Our results from Scotland

Our results from Scotland

WE changed the debate in the Scottish Parliament elections

Today WE celebrate the end of our inaugural Scottish Parliament election campaign.

WE won 3877 votes in Lothian (1.2% of the vote, ahead of Rise and Solidarity) and 2091 votes in Glasgow.

Lee Chalmers and Annie Beetham stood in Lothian and Glasgow respectively – the first ever candidates to represent the Women’s Equality Party (WE) in Scotland.

“Our election campaign has been an incredible journey, and I have been privileged to hear from so many Scottish voters who have told me that they want Scotland to be the first gender equal country in the world,” said Beetham.

“WE will continue to push for that change in Scotland, campaigning on equal pay, better provision of childcare, an end to gender stereotyping in schools and the elimination of violence against women and girls. We may not have won a seat, but we have certainly won influence and I remain committed to ensuring women’s interests are represented equally in Holyrood.”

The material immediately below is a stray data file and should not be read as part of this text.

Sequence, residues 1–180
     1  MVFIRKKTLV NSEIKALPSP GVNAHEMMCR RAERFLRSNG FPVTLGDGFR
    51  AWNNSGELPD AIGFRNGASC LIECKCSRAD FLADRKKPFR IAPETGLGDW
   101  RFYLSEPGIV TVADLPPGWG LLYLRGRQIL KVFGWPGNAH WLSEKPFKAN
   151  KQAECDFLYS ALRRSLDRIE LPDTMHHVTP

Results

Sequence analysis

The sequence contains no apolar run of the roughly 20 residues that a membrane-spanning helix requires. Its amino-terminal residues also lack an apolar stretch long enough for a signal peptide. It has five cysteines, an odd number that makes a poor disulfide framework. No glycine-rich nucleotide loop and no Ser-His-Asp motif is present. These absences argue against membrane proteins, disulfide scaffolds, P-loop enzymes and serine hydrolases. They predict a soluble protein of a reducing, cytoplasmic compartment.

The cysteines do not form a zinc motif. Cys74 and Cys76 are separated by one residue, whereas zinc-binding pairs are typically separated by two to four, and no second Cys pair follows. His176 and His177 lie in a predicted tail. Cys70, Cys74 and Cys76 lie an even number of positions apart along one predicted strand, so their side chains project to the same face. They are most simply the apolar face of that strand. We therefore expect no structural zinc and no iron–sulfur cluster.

Party leader Sophie Walker, who is awaiting the results of the London Mayoral race in which she is the Women’s Equality Party candidate, added: ‘WE were created just one year ago by Sandi Toksvig and Catherine Mayer following another General Election in which women were all but forgotten. WE knew that if we wanted to see change we had to get out there and be it.”

“Today, we look ahead to working to hold Holyrood to account on women’s equality, and making Scotland better for everyone.”

Chalmers added: “We’ve been welcomed by voters who want to see an end to partisan politics, and see politicians fix the problems that really matter to them. WE have succeeded in influencing the national conversation in Scotland: when Labour and SNP launched their manifestos, the headlines focused on their policies for women – including the SNP’s baby boxes and Labour’s Women 50:50 pledges. WE are proud to have been such a positive force in the elections, and look forward to continuing to influence Scottish politics.”

 

Published May 06, 2016